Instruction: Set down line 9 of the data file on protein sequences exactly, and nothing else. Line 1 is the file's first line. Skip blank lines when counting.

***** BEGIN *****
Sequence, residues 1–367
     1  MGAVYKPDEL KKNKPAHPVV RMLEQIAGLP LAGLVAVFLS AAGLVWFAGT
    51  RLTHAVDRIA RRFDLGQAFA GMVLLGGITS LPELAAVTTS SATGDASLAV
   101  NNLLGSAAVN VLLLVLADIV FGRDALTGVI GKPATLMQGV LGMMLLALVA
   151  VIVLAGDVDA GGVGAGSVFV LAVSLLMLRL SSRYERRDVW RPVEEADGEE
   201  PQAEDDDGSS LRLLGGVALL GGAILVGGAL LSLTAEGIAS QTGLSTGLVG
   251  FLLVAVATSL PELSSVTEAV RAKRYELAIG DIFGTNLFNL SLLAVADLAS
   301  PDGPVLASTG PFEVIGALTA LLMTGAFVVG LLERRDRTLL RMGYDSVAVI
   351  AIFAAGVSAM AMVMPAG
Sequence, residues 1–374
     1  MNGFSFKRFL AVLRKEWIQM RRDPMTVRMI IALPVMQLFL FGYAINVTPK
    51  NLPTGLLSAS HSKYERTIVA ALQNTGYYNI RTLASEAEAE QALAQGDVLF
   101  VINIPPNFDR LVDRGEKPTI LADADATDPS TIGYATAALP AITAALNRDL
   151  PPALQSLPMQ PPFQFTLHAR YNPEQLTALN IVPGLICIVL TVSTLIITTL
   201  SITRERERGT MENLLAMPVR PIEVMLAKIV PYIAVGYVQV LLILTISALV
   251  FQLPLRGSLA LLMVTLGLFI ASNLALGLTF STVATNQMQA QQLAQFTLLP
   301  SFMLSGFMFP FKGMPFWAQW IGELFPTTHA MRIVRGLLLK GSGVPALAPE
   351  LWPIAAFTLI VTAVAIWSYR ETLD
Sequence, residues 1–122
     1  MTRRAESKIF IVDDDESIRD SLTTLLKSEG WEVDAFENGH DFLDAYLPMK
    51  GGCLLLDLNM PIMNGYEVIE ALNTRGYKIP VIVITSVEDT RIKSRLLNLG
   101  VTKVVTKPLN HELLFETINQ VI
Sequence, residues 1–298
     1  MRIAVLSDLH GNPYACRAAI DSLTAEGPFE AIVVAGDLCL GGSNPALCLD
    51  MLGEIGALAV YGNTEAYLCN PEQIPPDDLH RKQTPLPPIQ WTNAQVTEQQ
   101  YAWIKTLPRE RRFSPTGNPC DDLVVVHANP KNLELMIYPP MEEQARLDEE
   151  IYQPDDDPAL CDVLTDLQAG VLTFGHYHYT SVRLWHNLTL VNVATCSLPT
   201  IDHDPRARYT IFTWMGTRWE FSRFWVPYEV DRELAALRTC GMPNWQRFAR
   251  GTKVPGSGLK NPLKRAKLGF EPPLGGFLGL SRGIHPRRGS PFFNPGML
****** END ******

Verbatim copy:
   351  AIFAAGVSAM AMVMPAG